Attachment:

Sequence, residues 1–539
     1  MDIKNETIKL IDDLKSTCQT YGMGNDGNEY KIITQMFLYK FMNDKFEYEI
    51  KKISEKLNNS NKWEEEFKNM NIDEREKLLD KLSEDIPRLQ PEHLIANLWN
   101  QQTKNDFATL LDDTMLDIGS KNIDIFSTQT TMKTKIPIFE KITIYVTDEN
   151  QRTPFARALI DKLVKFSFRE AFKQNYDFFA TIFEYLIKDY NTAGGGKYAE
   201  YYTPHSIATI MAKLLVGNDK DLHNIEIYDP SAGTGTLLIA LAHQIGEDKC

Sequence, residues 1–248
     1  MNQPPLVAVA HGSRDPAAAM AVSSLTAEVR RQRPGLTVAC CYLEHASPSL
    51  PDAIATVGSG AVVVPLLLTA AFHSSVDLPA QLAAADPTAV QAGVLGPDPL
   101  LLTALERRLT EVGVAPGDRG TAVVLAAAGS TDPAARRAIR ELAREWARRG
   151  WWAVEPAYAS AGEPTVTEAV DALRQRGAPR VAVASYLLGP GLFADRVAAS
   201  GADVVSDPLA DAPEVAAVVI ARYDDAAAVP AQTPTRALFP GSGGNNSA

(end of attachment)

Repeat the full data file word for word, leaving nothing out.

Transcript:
Sequence, residues 1–539
     1  MDIKNETIKL IDDLKSTCQT YGMGNDGNEY KIITQMFLYK FMNDKFEYEI
    51  KKISEKLNNS NKWEEEFKNM NIDEREKLLD KLSEDIPRLQ PEHLIANLWN
   101  QQTKNDFATL LDDTMLDIGS KNIDIFSTQT TMKTKIPIFE KITIYVTDEN
   151  QRTPFARALI DKLVKFSFRE AFKQNYDFFA TIFEYLIKDY NTAGGGKYAE
   201  YYTPHSIATI MAKLLVGNDK DLHNIEIYDP SAGTGTLLIA LAHQIGEDKC

Sequence, residues 1–248
     1  MNQPPLVAVA HGSRDPAAAM AVSSLTAEVR RQRPGLTVAC CYLEHASPSL
    51  PDAIATVGSG AVVVPLLLTA AFHSSVDLPA QLAAADPTAV QAGVLGPDPL
   101  LLTALERRLT EVGVAPGDRG TAVVLAAAGS TDPAARRAIR ELAREWARRG
   151  WWAVEPAYAS AGEPTVTEAV DALRQRGAPR VAVASYLLGP GLFADRVAAS
   201  GADVVSDPLA DAPEVAAVVI ARYDDAAAVP AQTPTRALFP GSGGNNSA